Stay up to date with notifications from The Independent

Notifications can be managed in browser preferences.

Cannabis in Australia: New South Wales commits $9m to medical marijuana trials

Children with epilepsy and people with terminal illnesses will take part

Kashmira Gander
Tuesday 23 June 2015 22:32 BST
Medical marijuana could soon be used in New South Wales
Medical marijuana could soon be used in New South Wales (Bruce Bennett/Getty Images)

An Australian state is investing millions of dollars into testing the effectiveness of medicinal marijuana.

The New South Wales (NSW) State Government has pledged 9million (£4.4million) Australian Dollars over four years to trials which will involve children with severe epilepsy and adults with terminal illnesses. Patients undergoing chemotherapy who are suffering with extreme nausea and vomiting will also take part, Australia’s 9 News has reported.

Medical Research Minister Pru Goward told the website: “Medical research unlocks new treatment for disease, offers hope, delivers cures, keeps people well and out of hospital.”

"At its best [it] profoundly improves lives."

The use, cultivation and possession of cannabis – including for medicinal purposes - are illegal across the country.

However, NSW’s plans have rekindled interest in the drug’s medical use, with Victoria and Queensland announcing they’d be follow suit in April and staging their own trials.

Politicians in Queensland and Victoria revealed the decision in April, after speaking with NSW leaders, The Guardian reported.

Daniel Andrews, the premier of Victoria, said at the time that he had seen “first-hand” the relief medicinal cannabis could give children with life-threatening illnesses.

Earlier in June, millionaire Sydney financier Barry Lambert and his wife Joy donated $33.7million (£16.5m) to the University of Sydney to help fund research into medical cannabis, after he said it has helped his three-year-old granddaughter live with a rare form of epilepsy.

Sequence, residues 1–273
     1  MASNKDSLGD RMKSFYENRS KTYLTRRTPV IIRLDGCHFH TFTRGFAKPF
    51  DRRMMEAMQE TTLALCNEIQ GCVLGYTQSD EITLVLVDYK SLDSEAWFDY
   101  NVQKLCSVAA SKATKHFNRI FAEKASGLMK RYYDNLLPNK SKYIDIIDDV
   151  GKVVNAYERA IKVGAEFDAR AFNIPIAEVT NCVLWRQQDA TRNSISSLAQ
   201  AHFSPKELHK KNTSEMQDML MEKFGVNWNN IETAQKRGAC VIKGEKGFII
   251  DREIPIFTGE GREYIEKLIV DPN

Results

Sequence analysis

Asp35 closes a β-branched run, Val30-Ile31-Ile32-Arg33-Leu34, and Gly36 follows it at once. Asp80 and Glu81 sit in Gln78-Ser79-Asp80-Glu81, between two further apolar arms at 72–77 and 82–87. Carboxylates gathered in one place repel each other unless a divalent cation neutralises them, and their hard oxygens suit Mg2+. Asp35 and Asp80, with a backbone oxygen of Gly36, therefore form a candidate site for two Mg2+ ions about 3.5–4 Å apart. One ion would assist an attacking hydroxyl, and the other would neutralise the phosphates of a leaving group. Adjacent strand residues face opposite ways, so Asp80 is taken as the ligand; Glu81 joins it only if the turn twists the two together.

Mr Lambert said young Katelyn has gone from being hospitalised every few weeks to once in eight months.

“It appears it works miracles for her. But that’s why the research needs to be done to understand the science behind it and to prove beyond doubt that it works and what the long-term impacts would be,” he told Daily Mail Australia.

Previous research by the New York University Epilepsy Centre has shown that elements of cannabis help reduce epileptic seizures.

In another study that may allay the fears of sceptics, scientists in the US have concluded that there is not evidence to suggest that legalising marijuana for medical purposes leads to increased use among teenagers.

The study, published in The Lancet Psychiatry Journal revealed there was no significant difference in adolescent marijuana use in 21 states with medical marijuana laws, before or after laws were introduced.

Join our commenting forum

Join thought-provoking conversations, follow other Independent readers and see their replies


Thank you for registering

Please refresh the page or navigate to another page on the site to be automatically logged inPlease refresh your browser to be logged in